Advertiser (London, S.E.) wants one congenial male chum, 18-25 or thereabouts. No girl hunters. Photo appreciated and returned.

Idealist (London, S.W.), 31, well-educated man, artistic, genuine, broad-minded, tall, decent-looking, firm believer in Carpenter’s books, wishes meet men similar disposition. Photos welcomed.

Link | 1 September 1920

There was also a smaller selection of personal adverts between women using coded language. These use slightly different terms:

Young Lady (B’ham), 19, refined, would be pleased to meet jolly girl as friend for evenings and week-ends. Residing B’ham preferred.

Unconventional (Wales), 30, well-educated, literary tastes, fond of travel, dancing, good times, and studying human nature, would like correspondence.

But ultimately the police were far less interested in these adverts between women because they weren’t contravening the law. Women having sexual relationships with other women was never illegal in England.

Records at The National Archives show that not only did people send in these classified adverts, but that they also lead to men meeting and having sexual relationships. Sadly, we know this as subsequent love letters were seized by police. One couple were Ernie and Geoff, you can find more about their relationship here.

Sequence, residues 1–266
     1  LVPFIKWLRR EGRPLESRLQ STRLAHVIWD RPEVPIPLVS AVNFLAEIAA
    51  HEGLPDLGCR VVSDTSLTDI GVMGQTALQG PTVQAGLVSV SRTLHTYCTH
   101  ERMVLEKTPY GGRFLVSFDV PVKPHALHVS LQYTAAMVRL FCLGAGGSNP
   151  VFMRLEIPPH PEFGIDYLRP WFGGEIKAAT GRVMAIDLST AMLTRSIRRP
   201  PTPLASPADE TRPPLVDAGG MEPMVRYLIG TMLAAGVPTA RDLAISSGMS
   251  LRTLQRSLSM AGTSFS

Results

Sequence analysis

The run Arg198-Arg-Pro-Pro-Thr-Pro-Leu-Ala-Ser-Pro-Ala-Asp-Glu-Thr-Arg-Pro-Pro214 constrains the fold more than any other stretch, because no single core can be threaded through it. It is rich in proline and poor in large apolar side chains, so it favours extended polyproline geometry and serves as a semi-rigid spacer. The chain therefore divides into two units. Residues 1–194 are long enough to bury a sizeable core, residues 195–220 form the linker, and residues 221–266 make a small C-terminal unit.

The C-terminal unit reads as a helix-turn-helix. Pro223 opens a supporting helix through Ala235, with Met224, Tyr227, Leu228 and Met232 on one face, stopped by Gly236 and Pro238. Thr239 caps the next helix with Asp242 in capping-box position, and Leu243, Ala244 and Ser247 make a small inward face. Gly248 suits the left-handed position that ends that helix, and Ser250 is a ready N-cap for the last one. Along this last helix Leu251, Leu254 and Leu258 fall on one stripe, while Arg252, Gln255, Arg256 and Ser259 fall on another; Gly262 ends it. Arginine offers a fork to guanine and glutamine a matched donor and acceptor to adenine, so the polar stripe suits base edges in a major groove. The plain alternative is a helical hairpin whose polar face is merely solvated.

A selection of love letters found by the police on Ernest [Ernie] Smyth in Belfast. The National Archives, MEPO 3/283.

The Link was ultimately investigated for conspiracy to corrupt public morals, which is why two copies are in the Metropolitan Police files at The National Archives, however the full run of Cupid’s Messenger and The Link are in the British Library collection. Four individuals were charged with conspiring to corrupt public morals, including Alfred Barrett, Ernest and Geoff. Each received two years’ imprisonment with hard labour at Wormwood Scrubs.

The Link shows a defiance to live and love despite the law and the creative ways lesbian, gay and bisexual people determined to do this in the early twentieth century.  One hundred years on, people still instinctively crave ways to meet other people, whether it is through online dating apps or classified advertisements. The legacy of these publications lives on. I urge you to take a look at The Link and Cupid’s Messenger, and rediscover the hidden queer voices of the past that they contain.

Vicky Iglikowski-Broad works at The National Archives as the Principal Diverse Histories Records Specialist. In 2019 she ran an event, Classified, at the Royal Vauxhall Tavern with the drag artist Timberlina and DJ Auntie Maureen to bring the classified advertisements of The Link back to life and reflect on how much has changed in the last hundred years for LGBTQ+ people.